This is all different from what Manneh remembers from his childhood in Gambia. Where he grew up, the entire town would coordinate to have specific foods on each day of the week. Walking home from school or the mosque, all you would smell would be the beef or fish frying in the outdoor kitchens in the homes all around you. He has memories of getting custom tailored clothes for Eid al-Fitr, the holiday that follows the end of Ramadan, of going door-to-door asking for cash and candy (but really the cash), a Gambian tradition known as Salibo. And he remembers going to play in community soccer games. When you are in such a place, Ramadan becomes about exactly that experience of shared community.
But if those Ramadans were about community, then this year’s Ramadan has been about isolation. The mosques are closed. There are no night prayers being held. People don’t gather to share food and break their fasts together. People can’t gather together, not without potentially risking their lives.
For an immigrant like Manneh, this has been particularly difficult. There’s a narrative that Ramadan is an austere time, where followers purposefully make themselves feel tired and hungry. But the truth is that Ramadan fills people with energy, including Manneh. It gives people a sense of focus and drive, and for Manneh, that was both on and off the field. But, this year, it’s been more empty and hollow. MLS suspended play the ahead of FC Cincinnati’s home opener, so Manneh and the rest of the team haven’t seen their home supporters yet. Indeed, most of the team hasn’t even seen each other in weeks. Training only recently picked back up, and that’s exclusively been individual training. Because of the danger of having people close together, the training sessions have been split up into several different sessions so that there aren't too many people in one place at one time. The one positive is that players, Manneh included, can now fast every day. But that doesn’t make up for the disrupted schedules and all the new-found empty time. Manneh has been filling the time in with a few different activities; dropping off food at a local hospital, watching documentaries of Islamic figures on Netflix, and chatting with childhood friends through WhatsApp and HouseParty. He’s found a new favorite West African store and market, a place called Tarenga in downtown Cincy. But it’s not the same. The players miss the soccer too, just like us fans.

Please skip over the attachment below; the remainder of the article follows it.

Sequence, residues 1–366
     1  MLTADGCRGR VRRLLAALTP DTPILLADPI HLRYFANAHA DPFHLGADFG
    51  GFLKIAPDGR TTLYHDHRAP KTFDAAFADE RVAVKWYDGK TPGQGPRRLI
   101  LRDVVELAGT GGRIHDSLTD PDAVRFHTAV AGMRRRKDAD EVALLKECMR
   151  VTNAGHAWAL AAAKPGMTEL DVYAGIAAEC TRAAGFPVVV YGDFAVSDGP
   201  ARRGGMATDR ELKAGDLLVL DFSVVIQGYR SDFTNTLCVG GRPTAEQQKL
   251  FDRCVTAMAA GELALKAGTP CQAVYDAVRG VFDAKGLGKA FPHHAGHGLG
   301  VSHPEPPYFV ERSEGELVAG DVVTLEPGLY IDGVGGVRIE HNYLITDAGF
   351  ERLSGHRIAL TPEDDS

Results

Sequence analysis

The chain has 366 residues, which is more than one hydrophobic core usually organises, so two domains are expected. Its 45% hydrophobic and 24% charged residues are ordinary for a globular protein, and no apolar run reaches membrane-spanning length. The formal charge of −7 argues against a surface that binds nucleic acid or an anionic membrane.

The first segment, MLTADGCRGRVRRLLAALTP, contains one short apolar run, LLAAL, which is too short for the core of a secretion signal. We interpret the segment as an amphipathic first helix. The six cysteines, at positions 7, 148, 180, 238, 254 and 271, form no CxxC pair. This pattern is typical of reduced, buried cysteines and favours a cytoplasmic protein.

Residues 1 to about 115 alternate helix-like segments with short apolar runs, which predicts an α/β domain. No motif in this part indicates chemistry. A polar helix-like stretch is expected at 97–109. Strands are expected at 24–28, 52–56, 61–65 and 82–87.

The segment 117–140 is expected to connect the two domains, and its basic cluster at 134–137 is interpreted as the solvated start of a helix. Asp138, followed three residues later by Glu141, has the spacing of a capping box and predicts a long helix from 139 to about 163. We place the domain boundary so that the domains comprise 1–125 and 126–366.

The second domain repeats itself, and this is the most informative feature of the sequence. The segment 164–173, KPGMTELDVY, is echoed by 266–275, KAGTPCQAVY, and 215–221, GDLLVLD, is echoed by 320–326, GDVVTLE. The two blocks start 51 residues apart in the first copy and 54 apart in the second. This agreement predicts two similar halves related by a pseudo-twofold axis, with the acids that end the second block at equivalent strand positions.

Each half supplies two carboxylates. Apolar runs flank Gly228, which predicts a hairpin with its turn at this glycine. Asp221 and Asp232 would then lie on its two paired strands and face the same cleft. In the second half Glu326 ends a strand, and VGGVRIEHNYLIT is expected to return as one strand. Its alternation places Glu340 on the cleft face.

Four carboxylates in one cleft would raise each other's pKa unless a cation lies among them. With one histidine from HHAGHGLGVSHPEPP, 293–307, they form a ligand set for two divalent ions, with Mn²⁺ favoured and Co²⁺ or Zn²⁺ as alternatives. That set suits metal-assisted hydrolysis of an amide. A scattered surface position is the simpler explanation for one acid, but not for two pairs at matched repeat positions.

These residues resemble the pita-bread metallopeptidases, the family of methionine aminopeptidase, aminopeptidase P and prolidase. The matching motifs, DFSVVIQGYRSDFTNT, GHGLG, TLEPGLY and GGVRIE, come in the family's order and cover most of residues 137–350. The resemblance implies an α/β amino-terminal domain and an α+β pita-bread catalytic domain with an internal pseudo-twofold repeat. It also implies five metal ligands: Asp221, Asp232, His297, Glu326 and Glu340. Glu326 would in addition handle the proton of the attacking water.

When asked about the USMNT, Manneh remained hopeful, both on the teams broader prospects and on his international career. He said that he’s excited with the young prospects making their way into both the club and international football scene. In particular, he named Gio Reyna’s performances with Dortmund. Manneh also was impressed with the play of Wolfsburg’s teenage winger Uly Llanez when he played in the January camp match. While he’s been into the national team camp, Manneh has yet to make his international debut. He’s been thwarted by badly timed injuries with a shoulder surgery and following rehab ruling him out for the camp from this past January. However Manneh says that he’s been in touch with Berhalter on getting a shot at the team. Realistically, he told me, his best shot is next year’s January camp, depending on how this year plays out.
As always, stay safe out there.